With U.S. allies likely to rebuff requests to send more combat troops to Afghanistan , many Pentagon officials want President Barack Obama to shift U.S. policy and seek NATO help only in other areas such as police training and support for democratization, defense officials said.

Obama called for more NATO combat troops while he was campaigning for the presidency. But the officials said that NATO allies are unlikely to defy the majorities of their citizens who are opposed to deeper involvement in the war, and he''d squander political capital on an almost certainly futile bid to convince them otherwise.

"The problem is that all politics is local. No constituents in those countries want to be there anymore," a U.S. defense official told McClatchy , speaking on the condition of anonymity because he wasn''t authorized to comment publicly.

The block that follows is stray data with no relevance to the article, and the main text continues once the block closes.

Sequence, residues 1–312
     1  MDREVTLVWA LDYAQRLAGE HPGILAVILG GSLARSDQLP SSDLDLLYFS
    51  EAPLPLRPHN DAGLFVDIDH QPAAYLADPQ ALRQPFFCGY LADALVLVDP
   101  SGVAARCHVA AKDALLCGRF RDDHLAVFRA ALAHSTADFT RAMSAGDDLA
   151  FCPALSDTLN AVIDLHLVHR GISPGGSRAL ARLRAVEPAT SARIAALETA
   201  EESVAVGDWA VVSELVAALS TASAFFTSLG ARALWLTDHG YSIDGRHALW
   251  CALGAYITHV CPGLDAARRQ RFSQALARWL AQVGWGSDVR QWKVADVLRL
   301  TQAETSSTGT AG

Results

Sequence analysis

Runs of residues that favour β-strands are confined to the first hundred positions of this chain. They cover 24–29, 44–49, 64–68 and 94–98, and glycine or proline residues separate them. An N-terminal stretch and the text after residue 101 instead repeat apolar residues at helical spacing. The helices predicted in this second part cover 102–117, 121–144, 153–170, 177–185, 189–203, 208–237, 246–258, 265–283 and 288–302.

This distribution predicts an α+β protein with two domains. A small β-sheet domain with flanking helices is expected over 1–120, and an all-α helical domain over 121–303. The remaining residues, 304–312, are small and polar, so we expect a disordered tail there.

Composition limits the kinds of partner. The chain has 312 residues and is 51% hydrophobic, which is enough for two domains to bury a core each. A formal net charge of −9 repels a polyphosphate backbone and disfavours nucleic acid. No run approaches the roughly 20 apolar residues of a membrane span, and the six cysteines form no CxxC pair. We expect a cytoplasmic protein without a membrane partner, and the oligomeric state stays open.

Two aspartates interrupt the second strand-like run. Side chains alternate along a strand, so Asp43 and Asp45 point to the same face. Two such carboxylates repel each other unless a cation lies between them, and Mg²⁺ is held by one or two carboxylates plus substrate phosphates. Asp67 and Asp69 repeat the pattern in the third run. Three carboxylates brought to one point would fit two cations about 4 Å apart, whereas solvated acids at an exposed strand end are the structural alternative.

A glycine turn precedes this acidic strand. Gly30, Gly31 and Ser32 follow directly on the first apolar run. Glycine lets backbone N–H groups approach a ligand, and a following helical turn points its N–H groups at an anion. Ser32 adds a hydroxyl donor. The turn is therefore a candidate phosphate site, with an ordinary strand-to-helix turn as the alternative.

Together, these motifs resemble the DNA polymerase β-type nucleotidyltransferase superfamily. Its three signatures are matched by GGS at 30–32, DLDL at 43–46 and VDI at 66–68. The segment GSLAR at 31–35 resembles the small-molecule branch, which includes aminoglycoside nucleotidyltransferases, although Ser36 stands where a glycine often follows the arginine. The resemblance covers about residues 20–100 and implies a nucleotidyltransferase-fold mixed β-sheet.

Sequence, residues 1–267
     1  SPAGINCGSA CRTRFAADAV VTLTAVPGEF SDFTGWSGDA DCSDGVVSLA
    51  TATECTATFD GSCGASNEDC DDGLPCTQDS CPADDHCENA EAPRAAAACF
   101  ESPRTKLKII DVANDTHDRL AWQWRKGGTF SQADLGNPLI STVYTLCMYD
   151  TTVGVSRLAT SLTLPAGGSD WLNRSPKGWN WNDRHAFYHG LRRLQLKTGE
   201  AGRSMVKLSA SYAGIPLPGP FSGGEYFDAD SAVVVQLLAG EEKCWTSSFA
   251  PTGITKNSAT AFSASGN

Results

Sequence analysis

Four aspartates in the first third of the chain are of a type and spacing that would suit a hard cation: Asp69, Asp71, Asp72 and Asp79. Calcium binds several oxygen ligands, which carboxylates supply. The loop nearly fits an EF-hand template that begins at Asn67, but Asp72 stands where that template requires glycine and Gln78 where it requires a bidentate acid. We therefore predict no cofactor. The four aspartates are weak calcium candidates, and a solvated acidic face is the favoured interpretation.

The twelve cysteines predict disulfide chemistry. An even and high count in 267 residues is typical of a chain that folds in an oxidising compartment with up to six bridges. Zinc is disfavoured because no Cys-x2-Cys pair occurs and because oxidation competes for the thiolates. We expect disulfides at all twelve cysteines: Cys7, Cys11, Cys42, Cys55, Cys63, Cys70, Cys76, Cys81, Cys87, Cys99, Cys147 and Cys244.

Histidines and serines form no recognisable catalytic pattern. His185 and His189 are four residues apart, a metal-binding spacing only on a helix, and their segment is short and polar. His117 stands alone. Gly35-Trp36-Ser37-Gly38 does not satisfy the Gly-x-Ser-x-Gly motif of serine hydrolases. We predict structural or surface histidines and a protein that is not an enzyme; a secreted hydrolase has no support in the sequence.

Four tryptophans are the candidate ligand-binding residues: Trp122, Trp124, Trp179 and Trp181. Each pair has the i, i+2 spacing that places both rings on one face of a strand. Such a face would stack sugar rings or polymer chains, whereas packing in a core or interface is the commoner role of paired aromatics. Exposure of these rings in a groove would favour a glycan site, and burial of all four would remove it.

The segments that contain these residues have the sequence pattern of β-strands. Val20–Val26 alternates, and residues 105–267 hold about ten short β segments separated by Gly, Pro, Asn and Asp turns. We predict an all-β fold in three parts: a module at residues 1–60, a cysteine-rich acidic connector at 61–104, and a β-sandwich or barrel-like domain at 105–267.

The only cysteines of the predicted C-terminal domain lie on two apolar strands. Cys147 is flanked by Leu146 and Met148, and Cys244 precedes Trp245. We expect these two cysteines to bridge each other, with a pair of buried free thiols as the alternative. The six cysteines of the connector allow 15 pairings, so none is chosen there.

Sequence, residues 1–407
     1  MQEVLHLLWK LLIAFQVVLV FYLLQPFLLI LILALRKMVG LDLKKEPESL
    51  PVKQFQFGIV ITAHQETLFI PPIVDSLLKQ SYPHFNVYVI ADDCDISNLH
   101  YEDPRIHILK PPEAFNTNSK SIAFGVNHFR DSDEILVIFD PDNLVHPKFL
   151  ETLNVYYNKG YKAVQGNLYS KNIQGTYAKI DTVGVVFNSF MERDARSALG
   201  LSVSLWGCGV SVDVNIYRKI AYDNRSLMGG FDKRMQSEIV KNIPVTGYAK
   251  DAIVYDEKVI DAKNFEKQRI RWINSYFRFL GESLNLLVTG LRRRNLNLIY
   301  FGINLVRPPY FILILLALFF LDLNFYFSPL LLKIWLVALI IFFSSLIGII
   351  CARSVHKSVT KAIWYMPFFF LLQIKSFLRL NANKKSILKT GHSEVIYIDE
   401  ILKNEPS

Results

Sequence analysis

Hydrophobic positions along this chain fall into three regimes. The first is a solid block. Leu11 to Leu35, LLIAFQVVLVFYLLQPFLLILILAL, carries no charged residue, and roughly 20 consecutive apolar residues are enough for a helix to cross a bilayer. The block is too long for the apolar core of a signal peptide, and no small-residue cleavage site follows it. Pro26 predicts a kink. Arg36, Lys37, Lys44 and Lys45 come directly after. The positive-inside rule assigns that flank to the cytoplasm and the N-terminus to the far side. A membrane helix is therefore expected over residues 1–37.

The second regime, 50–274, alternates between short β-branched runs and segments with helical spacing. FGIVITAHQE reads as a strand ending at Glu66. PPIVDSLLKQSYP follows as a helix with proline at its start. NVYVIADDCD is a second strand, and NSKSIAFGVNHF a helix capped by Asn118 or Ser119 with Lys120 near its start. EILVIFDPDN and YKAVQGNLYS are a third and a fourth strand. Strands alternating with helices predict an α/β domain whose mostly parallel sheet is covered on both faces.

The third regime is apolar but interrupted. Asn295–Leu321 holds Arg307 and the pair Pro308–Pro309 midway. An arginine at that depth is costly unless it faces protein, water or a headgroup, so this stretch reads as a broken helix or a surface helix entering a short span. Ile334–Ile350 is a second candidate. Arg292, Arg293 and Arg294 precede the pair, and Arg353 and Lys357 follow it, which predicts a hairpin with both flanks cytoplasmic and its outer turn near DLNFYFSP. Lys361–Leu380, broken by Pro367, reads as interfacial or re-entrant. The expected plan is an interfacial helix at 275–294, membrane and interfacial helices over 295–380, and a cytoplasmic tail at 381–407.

Afghanistan was a major topic Wednesday of Obama''s first meeting in the Pentagon with the Joint Chiefs of Staff.

"We''re going to have some difficult decisions that we''re going to have to make" on Afghanistan , Obama said later.

The president has pledged to refocus the fight against terrorism from Iraq to Afghanistan and endorsed a request by senior U.S. commanders to increase the 30,000-strong U.S. contingent by another 30,000 troops. Most would be sent to southern Afghanistan .